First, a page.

The nagging issue of “Birthers” raises a chicken/egg question: It is an issue that lingers of its own accord, or does it linger because the media won’t let it go away?
Republicans appearing on cable to talk about important issues of the day — unemployment, the national debt, Egypt, Wisconsin, etc. — can bet the “Birther” question will come up. And there appears to be nothing a Republican can do to satisfy an interviewer on this question. It is not enough to state a belief in the president’s Christianity, or that one takes the president at his word. In question after question, interviewers call on Republicans to condemn, repeatedly, rumors they neither believe nor spread; then they condemn the condemnation for not being condemnatory enough.
And so the issue keeps coming up. It’s self-perpetuating. Twice in the past week, George Stephanopoulos has asked Republican guests on Good Morning America about it. David Gregory routinely does the same on Meet the Press.
That doesn’t take into account the cable shows — whether news, opinion, or commentary — where it is often topic #1. Recently on HBO’s Real Time with Bill Maher, the issue came up again when the host, hardly a member of the Vast Right-Wing Conspiracy, surprisingly said he does not believe President Obama is a Christian. Some days, Hardball could practically change its name to “BirtherWatch.”
I can speak to Hardball’s obsession with the issue with some authority. Shortly before a late August broadcast, while I was working for the Republican National Committee, a Newsweek reporter asked for the committee’s position regarding questions about President Obama’s religion. I told the reporter the RNC had not discussed the issue, precisely because it had not.
This raised the ire of Chris Matthews, who in that night’s program called Republican responses on the issue a “pitch-perfect dog whistle to the haters” and said that the Right was attempting to “de-Americanize the president” and “played birther politics with abandon.”
“The Republican National Committee knows this is a hot issue today,” Matthews thundered. “They’re prepared to answer it, and their answer is ‘We’re not talking.’” (A-ha, the old “keep an issue alive by not talking about it” ruse!)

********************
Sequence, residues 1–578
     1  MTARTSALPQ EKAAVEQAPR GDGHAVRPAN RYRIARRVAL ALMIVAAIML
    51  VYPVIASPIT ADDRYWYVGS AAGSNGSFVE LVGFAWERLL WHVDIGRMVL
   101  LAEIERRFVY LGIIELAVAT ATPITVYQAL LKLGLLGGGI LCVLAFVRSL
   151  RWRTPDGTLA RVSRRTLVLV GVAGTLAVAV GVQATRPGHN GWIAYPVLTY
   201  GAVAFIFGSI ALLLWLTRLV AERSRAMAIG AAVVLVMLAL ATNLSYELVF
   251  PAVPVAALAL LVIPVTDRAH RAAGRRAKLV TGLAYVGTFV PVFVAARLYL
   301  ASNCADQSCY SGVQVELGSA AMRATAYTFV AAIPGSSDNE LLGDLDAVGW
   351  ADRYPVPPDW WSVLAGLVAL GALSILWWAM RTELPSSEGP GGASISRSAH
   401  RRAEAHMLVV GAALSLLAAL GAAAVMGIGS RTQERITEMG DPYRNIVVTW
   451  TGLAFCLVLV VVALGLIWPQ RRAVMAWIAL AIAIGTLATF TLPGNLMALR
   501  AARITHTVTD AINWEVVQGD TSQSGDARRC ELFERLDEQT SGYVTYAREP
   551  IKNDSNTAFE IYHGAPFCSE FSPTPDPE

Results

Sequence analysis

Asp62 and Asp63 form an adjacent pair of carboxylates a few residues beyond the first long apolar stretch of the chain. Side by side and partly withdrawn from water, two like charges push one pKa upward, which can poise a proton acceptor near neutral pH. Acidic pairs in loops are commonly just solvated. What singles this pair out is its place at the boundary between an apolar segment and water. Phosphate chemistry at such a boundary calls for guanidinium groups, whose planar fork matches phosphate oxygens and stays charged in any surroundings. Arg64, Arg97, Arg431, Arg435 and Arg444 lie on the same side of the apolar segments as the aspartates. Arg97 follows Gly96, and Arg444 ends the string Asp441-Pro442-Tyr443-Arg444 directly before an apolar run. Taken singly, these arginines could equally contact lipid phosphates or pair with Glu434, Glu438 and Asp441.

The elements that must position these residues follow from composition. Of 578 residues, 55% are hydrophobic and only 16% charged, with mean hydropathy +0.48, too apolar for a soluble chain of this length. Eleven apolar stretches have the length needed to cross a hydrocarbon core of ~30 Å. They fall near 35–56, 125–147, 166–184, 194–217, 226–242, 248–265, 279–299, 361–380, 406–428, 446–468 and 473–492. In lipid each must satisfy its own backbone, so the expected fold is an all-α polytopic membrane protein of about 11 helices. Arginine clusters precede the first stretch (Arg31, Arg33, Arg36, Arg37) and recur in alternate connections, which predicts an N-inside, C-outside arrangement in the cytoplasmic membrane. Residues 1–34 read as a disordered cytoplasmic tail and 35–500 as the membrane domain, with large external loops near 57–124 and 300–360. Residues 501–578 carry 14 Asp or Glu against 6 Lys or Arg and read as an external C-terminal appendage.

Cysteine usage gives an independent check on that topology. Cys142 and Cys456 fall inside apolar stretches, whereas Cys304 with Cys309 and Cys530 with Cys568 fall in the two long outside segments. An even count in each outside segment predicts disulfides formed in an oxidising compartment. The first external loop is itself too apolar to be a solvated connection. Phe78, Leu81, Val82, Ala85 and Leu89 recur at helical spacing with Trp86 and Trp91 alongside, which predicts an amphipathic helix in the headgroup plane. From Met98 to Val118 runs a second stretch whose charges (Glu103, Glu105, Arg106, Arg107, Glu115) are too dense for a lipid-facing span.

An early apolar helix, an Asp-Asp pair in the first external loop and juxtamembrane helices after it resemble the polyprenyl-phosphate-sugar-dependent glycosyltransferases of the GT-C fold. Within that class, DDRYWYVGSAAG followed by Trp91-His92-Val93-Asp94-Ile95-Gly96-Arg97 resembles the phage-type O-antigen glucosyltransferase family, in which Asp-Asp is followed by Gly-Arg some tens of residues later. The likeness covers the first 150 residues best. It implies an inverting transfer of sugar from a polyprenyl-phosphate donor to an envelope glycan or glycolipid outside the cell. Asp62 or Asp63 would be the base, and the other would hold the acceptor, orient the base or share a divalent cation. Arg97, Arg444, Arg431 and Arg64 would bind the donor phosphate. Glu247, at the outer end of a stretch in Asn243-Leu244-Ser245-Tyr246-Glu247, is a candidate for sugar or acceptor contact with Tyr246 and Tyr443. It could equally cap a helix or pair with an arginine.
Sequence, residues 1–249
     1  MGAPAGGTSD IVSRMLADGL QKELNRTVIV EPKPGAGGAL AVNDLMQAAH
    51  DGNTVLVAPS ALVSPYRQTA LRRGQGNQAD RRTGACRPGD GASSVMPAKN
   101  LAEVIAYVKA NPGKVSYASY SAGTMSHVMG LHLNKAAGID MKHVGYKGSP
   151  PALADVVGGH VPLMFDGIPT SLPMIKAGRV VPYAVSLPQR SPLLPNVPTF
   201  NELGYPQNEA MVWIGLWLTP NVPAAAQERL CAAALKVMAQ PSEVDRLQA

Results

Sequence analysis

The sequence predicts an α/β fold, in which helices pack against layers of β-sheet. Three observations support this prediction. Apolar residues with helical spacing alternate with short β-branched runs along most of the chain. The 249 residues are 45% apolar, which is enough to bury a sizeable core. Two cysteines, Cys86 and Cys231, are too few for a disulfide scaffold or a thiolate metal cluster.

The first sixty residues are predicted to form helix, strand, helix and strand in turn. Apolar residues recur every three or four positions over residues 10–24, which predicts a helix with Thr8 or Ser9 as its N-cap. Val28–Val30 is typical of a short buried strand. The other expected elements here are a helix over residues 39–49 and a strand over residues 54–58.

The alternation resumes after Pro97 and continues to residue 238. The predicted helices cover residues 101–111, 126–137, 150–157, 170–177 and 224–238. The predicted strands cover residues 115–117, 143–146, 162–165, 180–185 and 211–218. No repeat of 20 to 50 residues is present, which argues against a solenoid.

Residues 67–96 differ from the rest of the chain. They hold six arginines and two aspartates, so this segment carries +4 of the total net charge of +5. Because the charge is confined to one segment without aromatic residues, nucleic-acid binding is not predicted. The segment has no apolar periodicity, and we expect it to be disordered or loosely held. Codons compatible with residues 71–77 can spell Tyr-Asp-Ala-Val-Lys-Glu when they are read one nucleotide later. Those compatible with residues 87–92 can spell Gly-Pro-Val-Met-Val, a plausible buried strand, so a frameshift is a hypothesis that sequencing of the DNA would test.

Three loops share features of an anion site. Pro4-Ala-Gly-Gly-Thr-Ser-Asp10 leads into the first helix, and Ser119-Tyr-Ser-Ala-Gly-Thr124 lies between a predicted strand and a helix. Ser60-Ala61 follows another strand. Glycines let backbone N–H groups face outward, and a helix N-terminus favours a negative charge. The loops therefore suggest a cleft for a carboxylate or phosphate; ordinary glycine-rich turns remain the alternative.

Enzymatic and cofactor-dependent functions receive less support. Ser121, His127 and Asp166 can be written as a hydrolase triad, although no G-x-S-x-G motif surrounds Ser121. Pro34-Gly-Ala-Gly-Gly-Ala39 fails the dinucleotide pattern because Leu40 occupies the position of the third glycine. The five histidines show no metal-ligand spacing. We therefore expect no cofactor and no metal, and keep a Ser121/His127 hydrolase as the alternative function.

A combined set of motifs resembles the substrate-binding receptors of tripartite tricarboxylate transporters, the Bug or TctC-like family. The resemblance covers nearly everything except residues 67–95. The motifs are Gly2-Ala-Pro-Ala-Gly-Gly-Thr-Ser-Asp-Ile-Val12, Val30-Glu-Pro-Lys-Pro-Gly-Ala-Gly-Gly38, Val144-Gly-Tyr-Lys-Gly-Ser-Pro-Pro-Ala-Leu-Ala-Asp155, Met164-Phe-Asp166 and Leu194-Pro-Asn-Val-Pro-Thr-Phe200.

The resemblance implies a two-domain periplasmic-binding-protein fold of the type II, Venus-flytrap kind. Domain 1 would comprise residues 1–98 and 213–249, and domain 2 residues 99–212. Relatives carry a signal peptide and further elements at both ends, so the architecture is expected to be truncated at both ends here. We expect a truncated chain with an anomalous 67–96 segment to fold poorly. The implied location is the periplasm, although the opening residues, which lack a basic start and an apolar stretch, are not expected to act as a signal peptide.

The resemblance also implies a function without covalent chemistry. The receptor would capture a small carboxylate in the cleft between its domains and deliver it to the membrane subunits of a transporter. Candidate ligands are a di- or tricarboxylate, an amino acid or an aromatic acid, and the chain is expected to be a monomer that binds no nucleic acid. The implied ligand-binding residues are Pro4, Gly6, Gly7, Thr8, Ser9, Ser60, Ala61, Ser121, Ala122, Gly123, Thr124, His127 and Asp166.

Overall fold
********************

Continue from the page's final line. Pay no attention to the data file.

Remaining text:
The next day, August 24, I issued a statement on behalf of the committee that read: “The RNC has never spoken about the President’s Christianity because it is both crystal clear and a non-issue. What is an issue, and remains foremost in the minds of voters is the failed efforts of Barack Obama, Nancy Pelosi and Harry Reid to grow jobs. Today, it was announced that existing home sales plunged by 27%; discussing this issue will serve the voters far better than any nonsense that won’t employ a single American.”
That statement, which the Huffington Post called “clear and direct in putting to bed the Muslim rumors” and which should have been music to Matthews’s ears, was never mentioned on Hardball.
And so when a Democratic polling firm released a poll whose results conveniently said that 51 percent of Republican primary voters questioned President Obama’s place of birth, it was off to the races again — even though Republicans still were not talking about the issue except when asked about it by the media. Indeed, in three days of Conservative Political Action Conference speeches, the issue was mentioned exactly once.
Every week, party officials submit question ideas they hope Sunday-show guests will be asked. There’s no doubt that Democrats routinely push for Republican elected officials to be asked about the president’s birthplace and/or religion. Tactically, it’s a smart move: Keep the Republican elected officials talking about something they don’t believe while the media and/or the Democrats get to use the word “fringe” over and over. But let’s not confuse shrewd, if disingenuous, political tactics with substance.
Last month, the Washington Post’s Dana Milbank declared a 30-day personal moratorium on all things Sarah Palin. Here’s a suggestion for a media that appears to want to work itself into a lather over this nonsense issue: Stop talking about it. After a while, the media might like the results; in the meantime, we can discuss serious issues.
— Doug Heye served in the George W. Bush administration, in leading communications positions in the House and Senate, and most recently as the communications director of the Republican National Committee.